Bridging current research and best practices in identifying transgender skeletal remains in Canada

Main Article Content

Cass Chowdhury


Transgender and otherwise non-binary decedents face erasure from police statistics, forensic death investigation records and government databases. Current research shows concurrence on predictable skeletal changes that trans men and trans women experience due to hormone therapy and/or gender affirming surgery. These findings could help inform the identification of transgender individuals from skeletal remains, allowing for better tailored police investigations and closure to grieve for loved ones. In practice, Canadian forensic skeletal sex assessments and documentation are based on a strict male/female binary with minimal latitude for transgender (or otherwise non-binary) determinations. The lack of more inclusive, nationally streamlined sex and gender data conventions also increases the risk of transgender individuals being misgendered, and therefore misidentified or left unidentified in death, and left out of violent crime and missing-persons statistics, civilian death statistics and in archaeological contexts.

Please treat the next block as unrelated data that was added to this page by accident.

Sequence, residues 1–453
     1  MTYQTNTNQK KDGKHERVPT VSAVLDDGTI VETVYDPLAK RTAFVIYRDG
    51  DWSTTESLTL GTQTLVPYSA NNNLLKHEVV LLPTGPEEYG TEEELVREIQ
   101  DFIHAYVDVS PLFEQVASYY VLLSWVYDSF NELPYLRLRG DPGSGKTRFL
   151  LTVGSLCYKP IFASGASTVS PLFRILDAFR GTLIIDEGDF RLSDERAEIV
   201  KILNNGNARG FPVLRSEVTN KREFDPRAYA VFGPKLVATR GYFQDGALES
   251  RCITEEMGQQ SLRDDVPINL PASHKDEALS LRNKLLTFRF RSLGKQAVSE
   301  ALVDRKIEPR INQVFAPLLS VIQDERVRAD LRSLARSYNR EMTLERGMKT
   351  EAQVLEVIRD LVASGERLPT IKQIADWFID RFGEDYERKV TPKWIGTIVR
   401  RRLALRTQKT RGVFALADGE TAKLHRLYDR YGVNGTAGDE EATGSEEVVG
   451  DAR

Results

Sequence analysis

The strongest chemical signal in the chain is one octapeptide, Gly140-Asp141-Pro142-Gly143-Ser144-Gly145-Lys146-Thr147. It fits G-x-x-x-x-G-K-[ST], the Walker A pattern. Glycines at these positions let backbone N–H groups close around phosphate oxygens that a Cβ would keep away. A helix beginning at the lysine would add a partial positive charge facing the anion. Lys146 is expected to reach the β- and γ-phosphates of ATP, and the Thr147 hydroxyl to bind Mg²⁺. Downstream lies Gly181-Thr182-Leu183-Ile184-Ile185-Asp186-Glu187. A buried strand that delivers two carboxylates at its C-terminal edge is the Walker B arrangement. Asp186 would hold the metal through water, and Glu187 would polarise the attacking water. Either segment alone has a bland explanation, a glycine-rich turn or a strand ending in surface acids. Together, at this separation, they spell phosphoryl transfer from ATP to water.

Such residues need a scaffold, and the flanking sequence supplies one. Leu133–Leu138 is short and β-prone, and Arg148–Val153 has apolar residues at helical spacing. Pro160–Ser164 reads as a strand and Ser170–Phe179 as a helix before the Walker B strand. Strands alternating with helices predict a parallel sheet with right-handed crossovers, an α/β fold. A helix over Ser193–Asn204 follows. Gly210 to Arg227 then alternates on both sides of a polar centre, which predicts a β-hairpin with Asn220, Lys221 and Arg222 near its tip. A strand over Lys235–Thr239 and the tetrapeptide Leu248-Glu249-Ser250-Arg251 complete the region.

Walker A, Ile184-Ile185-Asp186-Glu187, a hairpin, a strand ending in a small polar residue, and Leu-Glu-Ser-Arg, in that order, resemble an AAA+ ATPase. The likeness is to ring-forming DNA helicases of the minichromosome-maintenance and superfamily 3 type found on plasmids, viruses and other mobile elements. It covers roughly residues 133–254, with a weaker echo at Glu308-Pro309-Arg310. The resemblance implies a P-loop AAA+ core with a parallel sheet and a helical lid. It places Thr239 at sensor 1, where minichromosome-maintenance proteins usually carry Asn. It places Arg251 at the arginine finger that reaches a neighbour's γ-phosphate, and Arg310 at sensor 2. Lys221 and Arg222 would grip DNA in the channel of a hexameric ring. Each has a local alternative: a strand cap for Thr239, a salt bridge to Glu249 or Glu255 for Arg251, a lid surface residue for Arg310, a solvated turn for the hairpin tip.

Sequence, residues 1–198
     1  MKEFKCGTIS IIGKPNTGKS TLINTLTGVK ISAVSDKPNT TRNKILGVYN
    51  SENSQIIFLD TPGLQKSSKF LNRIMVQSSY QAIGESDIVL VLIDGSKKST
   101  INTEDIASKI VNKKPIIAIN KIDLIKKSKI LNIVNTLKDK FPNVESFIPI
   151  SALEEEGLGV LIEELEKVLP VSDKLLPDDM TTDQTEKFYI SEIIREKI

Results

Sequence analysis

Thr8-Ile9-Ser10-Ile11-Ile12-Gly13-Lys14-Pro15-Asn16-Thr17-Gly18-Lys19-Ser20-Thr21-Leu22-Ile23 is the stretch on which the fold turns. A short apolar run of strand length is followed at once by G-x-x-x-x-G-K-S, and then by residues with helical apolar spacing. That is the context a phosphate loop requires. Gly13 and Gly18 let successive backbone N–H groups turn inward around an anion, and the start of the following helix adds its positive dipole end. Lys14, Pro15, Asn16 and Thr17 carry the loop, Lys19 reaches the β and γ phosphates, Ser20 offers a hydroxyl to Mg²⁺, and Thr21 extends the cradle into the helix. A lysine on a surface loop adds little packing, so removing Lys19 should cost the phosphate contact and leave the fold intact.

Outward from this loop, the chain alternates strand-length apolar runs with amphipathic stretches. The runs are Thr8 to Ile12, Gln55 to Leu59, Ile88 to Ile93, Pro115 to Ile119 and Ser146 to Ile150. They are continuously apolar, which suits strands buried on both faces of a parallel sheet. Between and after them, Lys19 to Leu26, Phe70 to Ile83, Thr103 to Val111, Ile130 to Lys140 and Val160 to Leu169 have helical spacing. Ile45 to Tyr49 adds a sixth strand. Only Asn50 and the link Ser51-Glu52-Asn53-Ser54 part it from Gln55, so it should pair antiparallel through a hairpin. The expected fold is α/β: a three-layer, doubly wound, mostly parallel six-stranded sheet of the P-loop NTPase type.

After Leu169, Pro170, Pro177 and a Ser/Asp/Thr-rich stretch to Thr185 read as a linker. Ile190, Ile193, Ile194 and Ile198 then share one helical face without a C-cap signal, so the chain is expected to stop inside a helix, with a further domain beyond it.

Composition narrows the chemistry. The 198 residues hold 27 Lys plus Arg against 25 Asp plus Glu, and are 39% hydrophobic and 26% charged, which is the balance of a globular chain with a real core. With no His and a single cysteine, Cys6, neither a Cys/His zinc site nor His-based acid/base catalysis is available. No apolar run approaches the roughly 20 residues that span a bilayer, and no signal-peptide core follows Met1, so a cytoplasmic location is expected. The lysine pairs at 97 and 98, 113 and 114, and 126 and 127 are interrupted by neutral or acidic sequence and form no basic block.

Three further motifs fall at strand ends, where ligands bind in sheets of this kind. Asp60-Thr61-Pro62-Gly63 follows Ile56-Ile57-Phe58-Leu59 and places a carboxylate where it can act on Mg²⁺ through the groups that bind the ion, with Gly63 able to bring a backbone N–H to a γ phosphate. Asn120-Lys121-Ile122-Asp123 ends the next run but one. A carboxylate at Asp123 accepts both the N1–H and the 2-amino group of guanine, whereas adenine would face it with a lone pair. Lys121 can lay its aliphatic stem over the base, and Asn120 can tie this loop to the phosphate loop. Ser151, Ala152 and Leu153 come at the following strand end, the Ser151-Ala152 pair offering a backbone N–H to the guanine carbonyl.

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Author Biography

Cass Chowdhury

Faculty of Arts and Social Sciences, Criminology